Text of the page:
Hong Kong’s moment of calm is in danger of being squandered

The perfect time to miss an opportunity.
The perfect time to miss an opportunity.
Image: Reuters/Ann Wang
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Hong Kong got a rare moment of calm this past weekend, when not a single canister of tear gas was fired—a rarity in a city where the use of the chemical has quickly become normalized over the past 11 weeks of protests. But it may not know what to do with it.

Some 1.7 million people marched peacefully on the city’s streets this past Sunday (Aug. 18) in a massive show of solidarity and continued dissatisfaction with the government, as they insisted their demands—including the full withdrawal of an extradition bill, and the establishment of an independent investigation into police conduct—be met. Protesters dispersed earlier than usual after a week that saw several demonstrators make public apologies for the beating of two men at the airport last Tuesday (Aug. 13).

Yet the temporary respite from clashes that escalated steadily in July risks being thrown into the wind as the city’s leader, Carrie Lam, stood steadfast in refusing to make any concrete form of concession to the protest’s key demands.

Addressing the media this morning (Aug. 20), chief executive Carrie Lam pledged to set up a “platform for dialogue” with local communities, but offered no immediate details. She also insisted in her prepared remarks that there would be no independent investigation into police actions. Instead, she repeated that the existing Independent Police Complaints Council (IPCC) that began an inquiry last month (pdf) was capable of investigating alleged police misconductbut did suggest some outside participants could be brought into the process.

For the protesters, this is likely a huge slap in the face. After a chaotic last week, protesters had pledged to keep demonstrations entirely peaceful this past weekend. Throughout the past months, there have been ongoing debates among protesters as to whether the “brave fighters” camp, who are on the frontlines and advocate more aggressive tactics, are more effective in putting pressure on the government than the so-called “peaceful, rational, non-violent” camp, who want to keep confrontations to a minimum.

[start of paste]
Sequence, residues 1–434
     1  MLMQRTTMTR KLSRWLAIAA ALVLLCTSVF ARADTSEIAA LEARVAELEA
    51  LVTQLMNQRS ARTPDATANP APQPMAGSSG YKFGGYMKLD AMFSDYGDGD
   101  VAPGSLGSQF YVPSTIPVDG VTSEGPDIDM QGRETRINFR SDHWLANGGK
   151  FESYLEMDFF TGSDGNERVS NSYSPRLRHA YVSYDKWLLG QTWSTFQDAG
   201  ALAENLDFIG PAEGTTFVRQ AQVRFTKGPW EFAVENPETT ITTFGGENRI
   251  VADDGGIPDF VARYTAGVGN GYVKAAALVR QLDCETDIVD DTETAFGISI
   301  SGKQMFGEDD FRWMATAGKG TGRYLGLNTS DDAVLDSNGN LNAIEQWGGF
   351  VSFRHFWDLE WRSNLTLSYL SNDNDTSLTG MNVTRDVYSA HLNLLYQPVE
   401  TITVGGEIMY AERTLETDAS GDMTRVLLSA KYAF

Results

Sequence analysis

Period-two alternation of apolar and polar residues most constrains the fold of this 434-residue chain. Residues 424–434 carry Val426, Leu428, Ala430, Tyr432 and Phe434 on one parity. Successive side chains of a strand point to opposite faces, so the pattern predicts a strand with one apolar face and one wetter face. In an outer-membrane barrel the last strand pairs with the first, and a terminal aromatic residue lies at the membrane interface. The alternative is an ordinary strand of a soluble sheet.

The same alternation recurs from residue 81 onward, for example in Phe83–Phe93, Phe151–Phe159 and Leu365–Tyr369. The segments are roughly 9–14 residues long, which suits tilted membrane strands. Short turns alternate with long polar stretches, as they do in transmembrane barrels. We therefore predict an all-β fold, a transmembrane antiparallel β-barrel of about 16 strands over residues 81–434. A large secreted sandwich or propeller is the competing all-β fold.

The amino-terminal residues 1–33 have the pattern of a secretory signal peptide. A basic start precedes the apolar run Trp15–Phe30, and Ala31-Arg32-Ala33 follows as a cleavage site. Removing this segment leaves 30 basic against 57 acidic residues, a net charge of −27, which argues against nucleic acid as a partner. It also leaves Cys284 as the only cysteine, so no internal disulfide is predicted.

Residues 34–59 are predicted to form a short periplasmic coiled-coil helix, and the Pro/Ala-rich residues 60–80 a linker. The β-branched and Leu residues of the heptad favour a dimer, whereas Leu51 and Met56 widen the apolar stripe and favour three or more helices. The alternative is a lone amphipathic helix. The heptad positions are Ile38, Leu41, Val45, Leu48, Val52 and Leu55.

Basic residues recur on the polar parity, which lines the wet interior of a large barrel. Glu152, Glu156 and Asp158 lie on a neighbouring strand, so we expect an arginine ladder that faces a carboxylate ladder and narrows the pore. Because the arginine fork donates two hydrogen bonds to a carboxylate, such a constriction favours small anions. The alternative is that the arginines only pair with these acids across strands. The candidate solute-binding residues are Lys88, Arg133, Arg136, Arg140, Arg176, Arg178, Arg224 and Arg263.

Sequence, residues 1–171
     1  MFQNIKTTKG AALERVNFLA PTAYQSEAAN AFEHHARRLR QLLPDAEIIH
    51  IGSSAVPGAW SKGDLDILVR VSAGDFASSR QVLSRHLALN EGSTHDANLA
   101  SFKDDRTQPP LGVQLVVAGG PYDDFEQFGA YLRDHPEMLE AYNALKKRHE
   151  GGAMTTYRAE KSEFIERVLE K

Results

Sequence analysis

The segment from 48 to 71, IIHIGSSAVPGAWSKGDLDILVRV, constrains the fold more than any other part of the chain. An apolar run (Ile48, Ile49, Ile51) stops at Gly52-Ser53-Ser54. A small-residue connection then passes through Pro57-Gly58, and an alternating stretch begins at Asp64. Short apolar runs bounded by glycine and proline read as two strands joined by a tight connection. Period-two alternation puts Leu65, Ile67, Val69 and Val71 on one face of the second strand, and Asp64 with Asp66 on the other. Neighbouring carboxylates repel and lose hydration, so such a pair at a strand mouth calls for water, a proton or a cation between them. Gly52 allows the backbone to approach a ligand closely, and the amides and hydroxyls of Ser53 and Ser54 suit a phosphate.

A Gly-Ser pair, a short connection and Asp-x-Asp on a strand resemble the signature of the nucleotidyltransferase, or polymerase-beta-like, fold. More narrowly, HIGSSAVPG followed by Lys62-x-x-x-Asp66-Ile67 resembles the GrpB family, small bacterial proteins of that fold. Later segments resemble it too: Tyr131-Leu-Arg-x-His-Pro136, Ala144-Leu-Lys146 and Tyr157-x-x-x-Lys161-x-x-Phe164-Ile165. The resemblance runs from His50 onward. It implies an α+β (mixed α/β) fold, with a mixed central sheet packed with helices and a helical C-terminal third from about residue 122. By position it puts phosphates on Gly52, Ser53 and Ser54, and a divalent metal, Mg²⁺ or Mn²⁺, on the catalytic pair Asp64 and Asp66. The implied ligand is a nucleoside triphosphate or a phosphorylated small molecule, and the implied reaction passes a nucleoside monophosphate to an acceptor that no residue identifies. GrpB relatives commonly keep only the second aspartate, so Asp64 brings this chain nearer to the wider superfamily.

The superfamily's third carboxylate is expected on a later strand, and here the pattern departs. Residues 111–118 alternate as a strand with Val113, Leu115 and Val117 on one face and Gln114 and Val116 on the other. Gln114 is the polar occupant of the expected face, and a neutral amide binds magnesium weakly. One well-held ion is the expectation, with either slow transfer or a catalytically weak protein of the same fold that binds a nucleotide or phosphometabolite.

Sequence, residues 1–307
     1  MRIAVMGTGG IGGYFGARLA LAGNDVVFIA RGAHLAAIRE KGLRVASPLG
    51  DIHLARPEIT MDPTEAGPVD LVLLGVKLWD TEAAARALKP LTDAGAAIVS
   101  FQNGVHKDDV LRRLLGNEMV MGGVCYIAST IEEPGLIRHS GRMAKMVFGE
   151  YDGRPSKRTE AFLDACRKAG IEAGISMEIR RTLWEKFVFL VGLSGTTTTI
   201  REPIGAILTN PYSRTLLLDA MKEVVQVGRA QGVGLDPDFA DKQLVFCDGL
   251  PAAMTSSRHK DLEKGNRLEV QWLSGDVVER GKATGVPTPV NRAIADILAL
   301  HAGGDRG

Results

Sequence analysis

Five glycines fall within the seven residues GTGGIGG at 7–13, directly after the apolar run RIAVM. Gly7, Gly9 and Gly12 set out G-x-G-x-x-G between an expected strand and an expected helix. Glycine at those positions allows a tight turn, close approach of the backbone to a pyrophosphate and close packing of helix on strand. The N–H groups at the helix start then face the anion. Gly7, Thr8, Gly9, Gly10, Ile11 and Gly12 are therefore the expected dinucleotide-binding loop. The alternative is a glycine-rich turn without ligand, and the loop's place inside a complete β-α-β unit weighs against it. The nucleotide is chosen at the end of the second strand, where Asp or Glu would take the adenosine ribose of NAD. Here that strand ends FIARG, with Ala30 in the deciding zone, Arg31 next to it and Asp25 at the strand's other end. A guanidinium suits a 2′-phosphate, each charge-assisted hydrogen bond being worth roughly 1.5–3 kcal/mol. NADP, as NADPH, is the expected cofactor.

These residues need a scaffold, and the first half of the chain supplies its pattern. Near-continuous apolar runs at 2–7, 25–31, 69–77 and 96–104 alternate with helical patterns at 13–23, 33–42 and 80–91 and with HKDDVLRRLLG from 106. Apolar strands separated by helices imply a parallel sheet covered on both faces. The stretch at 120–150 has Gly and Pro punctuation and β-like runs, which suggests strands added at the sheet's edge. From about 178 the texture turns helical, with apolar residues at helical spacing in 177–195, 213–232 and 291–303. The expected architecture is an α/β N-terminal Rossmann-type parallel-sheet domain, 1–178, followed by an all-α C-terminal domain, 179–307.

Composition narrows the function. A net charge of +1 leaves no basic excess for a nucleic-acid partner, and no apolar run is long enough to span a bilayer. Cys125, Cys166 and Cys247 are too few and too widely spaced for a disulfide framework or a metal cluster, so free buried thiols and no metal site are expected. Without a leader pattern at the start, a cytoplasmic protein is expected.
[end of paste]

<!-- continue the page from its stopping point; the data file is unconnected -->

To many, Sunday’s massive and entirely peaceful march was an acknowledgement from the “fighters” that they were willing to take a pause in pursuit of solidarity. Now, what many are likely to see as Lam’s tepid response may be taken as proof that more extreme protest tactics are still needed. After all, the most significant concession so far—the suspension of the hated extradition bills that sparked the mass protests in June—came after a day of street occupation and confrontations with police, and not after a peaceful demonstration a few days earlier.

“If the government continues to ignore people’s voices they will only force protesters to use other means, including some radical means, to do protests,” Bonnie Leung, vice-convenor of the Civil Human Rights Front, which organized the latest rally as well as many of the earlier ones, said on Sunday night.

On the online forum LIHKG, which has served as a kind of de facto central command center for protest actions throughout the summer, threads calling for an escalation in tactics in response to Lam’s remarks quickly gained traction.

“It’s you who taught us that peaceful protests don’t work,” read one post (link in Chinese), echoing a now-iconic slogan that was spray-painted on the walls of the legislative chamber when protesters stormed the building in early July. “Set hard deadlines, escalate on all sides!”

Local politicians had urged Lam to respond to protesters’ efforts to keep demonstrations calm this past weekend, by offering something specific as an act of good faith. Ahead of Lam’s remarks, the head of the police watchdog IPCC, Anthony Neoh, himself called for a “proper burial” of the extradition bill in the form of a full withdrawal as a reasonable concession to make. He also did not rule out setting up a commission of inquiry into police actions.

Ivan Choy, a senior lecturer in the department of government and public administration at the Chinese University of Hong Kong, said that Lam appeared to be delaying, rather than addressing, protester demands.

“What kind of communication? With whom? And to what effect?” asked Choy, referring to unanswered questions from Lam’s announcement on beginning a dialogue with Hong Kong’s people. “I don’t think the people will accept this, and that the crisis will cease.”